Albert de Belleroche (1864-1944):
Portrait of a lady reclining, circa 1905
Framed (ref: 5702)
Inscribed with inventory number to reverse
Oil on canvas
30 x 25 in. (76 x 63.5 cm)
Literature: House and Garden 2001.
Although the sitter of this portrait is as yet unidentified the same model posed for Belleroche's lithograph Femme a la harpe, (1906).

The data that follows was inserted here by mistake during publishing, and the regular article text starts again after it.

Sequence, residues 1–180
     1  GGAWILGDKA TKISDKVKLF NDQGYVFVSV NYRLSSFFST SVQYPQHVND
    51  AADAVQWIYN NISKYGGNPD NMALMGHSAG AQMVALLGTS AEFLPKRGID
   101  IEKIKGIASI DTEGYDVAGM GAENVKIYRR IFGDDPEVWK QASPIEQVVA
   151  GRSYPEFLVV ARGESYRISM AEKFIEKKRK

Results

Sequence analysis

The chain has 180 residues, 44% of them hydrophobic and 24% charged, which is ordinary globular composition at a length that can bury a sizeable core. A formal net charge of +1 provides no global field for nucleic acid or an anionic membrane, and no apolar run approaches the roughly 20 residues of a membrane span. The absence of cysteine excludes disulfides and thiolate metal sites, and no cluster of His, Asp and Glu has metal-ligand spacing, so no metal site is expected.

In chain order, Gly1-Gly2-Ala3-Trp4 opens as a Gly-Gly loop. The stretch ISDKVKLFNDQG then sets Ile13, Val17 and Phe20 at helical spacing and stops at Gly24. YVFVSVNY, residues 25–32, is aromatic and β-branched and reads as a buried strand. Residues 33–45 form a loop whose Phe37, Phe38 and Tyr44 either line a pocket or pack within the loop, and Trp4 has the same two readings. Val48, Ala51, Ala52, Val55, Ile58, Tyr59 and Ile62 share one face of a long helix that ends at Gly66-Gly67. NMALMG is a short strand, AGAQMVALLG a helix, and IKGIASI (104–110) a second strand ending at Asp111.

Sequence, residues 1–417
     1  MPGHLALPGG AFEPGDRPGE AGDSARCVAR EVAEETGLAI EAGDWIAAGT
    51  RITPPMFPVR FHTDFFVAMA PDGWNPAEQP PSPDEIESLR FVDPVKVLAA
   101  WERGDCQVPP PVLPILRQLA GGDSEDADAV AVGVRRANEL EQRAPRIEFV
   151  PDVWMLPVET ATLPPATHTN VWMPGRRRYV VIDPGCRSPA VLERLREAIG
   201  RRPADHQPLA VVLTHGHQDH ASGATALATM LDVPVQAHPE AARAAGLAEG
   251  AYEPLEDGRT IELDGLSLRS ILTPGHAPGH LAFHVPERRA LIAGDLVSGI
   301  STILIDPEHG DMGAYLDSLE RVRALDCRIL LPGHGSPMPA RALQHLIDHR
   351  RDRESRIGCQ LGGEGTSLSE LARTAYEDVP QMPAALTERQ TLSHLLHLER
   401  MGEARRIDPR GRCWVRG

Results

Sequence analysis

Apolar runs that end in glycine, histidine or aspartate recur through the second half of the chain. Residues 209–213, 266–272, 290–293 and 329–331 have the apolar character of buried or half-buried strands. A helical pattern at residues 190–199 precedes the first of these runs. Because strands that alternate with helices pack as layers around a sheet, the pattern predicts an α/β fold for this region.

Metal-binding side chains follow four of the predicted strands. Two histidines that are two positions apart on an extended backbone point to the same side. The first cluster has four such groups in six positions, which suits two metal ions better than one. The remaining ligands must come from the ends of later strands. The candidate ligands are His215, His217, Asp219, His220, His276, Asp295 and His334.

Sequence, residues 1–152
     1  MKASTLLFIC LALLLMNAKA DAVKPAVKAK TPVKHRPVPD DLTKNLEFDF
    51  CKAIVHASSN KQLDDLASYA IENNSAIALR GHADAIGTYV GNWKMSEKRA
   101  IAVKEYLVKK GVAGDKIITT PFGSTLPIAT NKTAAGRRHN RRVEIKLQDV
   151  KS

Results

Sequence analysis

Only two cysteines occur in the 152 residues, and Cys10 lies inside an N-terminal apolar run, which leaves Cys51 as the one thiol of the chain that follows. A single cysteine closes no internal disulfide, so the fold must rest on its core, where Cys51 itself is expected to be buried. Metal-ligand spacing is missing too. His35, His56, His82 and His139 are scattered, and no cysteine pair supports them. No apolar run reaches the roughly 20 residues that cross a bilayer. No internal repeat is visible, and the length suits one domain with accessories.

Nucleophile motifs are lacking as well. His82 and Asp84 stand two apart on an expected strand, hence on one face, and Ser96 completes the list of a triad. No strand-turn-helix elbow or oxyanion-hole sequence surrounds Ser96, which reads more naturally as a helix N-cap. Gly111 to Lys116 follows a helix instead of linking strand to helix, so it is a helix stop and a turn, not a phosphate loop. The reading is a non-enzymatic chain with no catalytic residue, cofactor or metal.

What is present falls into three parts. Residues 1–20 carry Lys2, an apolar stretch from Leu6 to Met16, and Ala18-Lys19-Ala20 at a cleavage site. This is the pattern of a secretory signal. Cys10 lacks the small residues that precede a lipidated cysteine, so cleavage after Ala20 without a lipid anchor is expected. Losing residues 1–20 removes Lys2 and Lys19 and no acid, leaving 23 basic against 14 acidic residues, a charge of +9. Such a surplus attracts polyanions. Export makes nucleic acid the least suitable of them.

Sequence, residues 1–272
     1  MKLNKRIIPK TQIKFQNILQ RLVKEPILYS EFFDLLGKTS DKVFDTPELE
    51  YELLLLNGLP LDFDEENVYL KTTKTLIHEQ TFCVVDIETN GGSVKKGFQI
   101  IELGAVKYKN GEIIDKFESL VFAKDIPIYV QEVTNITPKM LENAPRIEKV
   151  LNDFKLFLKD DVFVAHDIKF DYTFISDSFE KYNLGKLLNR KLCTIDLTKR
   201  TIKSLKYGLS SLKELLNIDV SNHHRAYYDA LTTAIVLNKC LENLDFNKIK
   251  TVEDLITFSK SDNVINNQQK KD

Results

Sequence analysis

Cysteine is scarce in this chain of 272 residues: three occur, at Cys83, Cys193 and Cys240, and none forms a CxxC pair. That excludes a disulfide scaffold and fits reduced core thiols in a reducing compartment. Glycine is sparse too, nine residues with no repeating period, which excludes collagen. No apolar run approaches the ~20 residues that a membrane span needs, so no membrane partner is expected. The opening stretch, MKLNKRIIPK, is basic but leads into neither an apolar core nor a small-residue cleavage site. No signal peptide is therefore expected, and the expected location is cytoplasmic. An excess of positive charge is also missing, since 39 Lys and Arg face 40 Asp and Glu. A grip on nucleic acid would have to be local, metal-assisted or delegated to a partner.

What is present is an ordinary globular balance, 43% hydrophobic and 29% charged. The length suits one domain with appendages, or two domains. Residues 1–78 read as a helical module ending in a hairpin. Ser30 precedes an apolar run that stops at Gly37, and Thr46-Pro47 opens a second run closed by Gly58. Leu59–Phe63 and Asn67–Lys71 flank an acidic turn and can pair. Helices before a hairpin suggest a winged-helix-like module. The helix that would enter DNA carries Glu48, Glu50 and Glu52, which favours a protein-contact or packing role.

Belleroche was a founder member of the Salon d'Automne, exhibiting alongside the Impressionists and associating with Emile Zola, Oscar Wilde, Albert Moore, Renoir, Degas, Helleu and Toulouse-Lautrec. He shared a studio with his friend, John Singer Sargent, whose handling of pastel was to be of great inspiration to Belleroche. In turn, Belleroche's sensitivity to tone and creation of form through the modelling of light exerted an influence on Sargent. Belleroche's talent as a painter was recognized by his contemporaries - Degas purchased a work from him and in the early 1890s the French state acquired a painting for the Luxembourg Gallery. Roger-Marx, the critic who discovered Renoir, was amongst Belleroche's fervent admirers, referring to him as 'le peintre des femmes decoiffées' (Gazette de Beaux-Arts, XLX, Jan 1905).